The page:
Originally published September 22, 2018
Really, they’re going to be OK.
I know — pretty rich advice coming from the High Priestess of Anxiety Moms on the heels of a blog post about hypocrisy. Physician, heal thyself.
It’s Homecoming Weekend for my youngest — and it’s the last. Her senior year. As I sat in the stands at the football game last night, I told my friends I was doing research for this blog series, never knowing from one day to the next what I am going to write about. A couple things came to mind.
One — the more things change, the more they stay the same. Given the momentousness of the occasion, my daughter and I pulled out my yearbook, and she was beside herself with the similarity to her school’s celebration, mine being 32 years ago.
“Blue and Gold!”
“West Parking Lot!”
Where we had a ’50s Day, they had an ’80s Day. Homecoming courts, pep rallies, the big dance, it’s all there on repeat. It’s quite possible truly original thought died generations ago. The group of guys in her group trying to one-up the other with humorous suggestions of ridiculous things to wear? In my day, the Homecoming King was declared so after successfully campaigning for the crown, complete with “Vote for Hanson” stickers. Goofy might change its colors, but it’s still there walking the halls.
The kids at the football game are the same kids I went to school with — some there just to be seen until halftime when they head to Steak & Shake. The pep club kids in their striped overalls. Everyone piling out of the stands and ignoring the hard-working marching band. The poms with their borderline scandalous but super popular dance routines.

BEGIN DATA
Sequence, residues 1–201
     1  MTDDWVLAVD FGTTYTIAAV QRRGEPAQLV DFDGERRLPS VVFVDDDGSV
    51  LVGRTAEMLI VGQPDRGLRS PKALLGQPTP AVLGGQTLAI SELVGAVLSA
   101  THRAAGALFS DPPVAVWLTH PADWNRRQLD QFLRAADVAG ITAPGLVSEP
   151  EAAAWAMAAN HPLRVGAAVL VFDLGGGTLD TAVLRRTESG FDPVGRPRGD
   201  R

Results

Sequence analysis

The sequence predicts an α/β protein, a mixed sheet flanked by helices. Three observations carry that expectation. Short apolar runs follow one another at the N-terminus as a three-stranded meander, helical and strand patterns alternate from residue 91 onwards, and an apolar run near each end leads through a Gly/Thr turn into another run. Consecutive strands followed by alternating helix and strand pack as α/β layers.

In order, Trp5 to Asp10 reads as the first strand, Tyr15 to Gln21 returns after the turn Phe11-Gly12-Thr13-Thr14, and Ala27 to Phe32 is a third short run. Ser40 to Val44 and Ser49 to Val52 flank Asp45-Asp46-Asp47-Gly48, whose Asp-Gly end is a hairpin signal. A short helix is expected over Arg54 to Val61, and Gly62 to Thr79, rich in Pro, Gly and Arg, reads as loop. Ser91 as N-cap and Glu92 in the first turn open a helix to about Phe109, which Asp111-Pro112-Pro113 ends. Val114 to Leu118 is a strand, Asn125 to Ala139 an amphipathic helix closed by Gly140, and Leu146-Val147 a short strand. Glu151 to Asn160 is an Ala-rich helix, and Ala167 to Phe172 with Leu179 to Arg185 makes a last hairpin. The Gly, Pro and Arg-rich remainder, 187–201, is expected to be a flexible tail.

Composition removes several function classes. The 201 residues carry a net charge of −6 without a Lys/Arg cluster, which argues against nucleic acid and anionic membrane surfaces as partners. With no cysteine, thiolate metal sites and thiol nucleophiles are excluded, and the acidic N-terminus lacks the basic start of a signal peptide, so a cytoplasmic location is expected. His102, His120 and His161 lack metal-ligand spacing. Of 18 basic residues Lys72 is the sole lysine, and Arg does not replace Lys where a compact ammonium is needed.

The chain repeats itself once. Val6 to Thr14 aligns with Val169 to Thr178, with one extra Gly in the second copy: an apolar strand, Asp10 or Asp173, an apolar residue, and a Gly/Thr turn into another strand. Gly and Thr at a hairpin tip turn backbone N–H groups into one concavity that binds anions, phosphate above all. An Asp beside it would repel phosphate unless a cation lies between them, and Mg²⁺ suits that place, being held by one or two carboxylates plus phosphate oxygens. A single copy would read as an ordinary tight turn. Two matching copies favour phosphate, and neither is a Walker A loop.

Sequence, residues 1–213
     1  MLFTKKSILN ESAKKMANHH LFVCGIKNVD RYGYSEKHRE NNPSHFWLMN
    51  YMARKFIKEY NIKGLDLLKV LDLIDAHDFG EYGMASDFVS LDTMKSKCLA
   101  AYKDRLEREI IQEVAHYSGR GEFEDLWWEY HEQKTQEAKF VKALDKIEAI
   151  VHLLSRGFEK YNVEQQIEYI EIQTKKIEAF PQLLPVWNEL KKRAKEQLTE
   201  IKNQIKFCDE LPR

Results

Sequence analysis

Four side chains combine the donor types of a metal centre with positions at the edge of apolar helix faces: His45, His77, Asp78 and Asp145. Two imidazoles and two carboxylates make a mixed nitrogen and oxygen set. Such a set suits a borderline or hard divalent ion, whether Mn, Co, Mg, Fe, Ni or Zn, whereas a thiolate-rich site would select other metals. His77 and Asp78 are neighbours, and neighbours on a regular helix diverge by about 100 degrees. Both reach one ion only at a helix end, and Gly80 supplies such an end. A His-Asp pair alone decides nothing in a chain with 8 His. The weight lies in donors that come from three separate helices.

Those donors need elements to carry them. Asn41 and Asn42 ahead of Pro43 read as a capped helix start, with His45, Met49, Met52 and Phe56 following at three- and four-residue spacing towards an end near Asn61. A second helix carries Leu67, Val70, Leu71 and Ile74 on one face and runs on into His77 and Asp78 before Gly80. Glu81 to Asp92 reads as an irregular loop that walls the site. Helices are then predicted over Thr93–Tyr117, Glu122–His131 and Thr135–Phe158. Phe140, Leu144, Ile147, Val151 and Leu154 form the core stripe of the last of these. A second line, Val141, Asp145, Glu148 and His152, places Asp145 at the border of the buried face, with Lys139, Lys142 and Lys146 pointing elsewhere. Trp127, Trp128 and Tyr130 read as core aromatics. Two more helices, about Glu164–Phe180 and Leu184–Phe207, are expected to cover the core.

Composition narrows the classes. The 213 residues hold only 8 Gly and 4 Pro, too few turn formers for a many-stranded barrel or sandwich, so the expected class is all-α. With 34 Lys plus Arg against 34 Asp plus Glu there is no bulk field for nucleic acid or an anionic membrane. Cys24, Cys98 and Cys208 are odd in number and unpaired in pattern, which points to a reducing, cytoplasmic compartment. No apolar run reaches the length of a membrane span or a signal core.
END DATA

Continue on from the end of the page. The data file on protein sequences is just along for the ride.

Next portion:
It’s funny to think back then, maybe some of our parents were having the same conversations I was having last night with friends — about college apps and opportunities, our kids’ busy schedules and how to help them navigate it. It seems that concern for their future is a hot topic as they move into senior year. And even though I’ve been down this road twice before, each kid cuts a different path, making the process feel new all over again.
But looking at them, and remembering back … we all made it through. And we did it without the internet and the Common App. (We also wrote research papers using nothing but the library and encyclopedias as source material, watched movies on VCRs and walked three miles in knee-deep snow, uphill both ways. But I digress.) I can take a deep breath and rest assured knowing these kids will figure it all out, too.
Two —watching these kids at the game, seemingly relaxed and having a great time — was set against the threat of a school shooting. Someone had left a message in the building a day earlier about a shooting planned for next week. Upon hearing of it, my knee-jerk reaction was to lock my daughter in her closet and position our demon dog just outside her door. “Not today, motherf*cker,” was all I could think.
Then seeing a Facebook group spin themselves into a hysteria over the possibility, my second thought was “Why are we giving this energy?” I don’t pass any judgement on any parent upset by the news and demanding police dogs and locker searches and metal detectors. I get it. See above. But I also didn’t want my daughter to see me reacting with such a frenzy as to concern her even more. I don’t want her feeling like she’s a hostage before anything even smells like is it going to go wrong.
But last night, those kids — along with their friends, their siblings, the football players, the teachers, the security — carried on with their lives without at least outwardly appearing like they were giving that threat a second thought. Fearless, just like we were at that age.
Here’s to the Class of ’87 and the Class of ’19 — 32 years apart, but closer than it feels.
Today’s recommendation: Ohio by Stephen Markley. OK, so the kids are decidedly NOT all right in this book, but it’s about high school And coming home again. Or more precisely, how you really can’t come home again. Just read it already.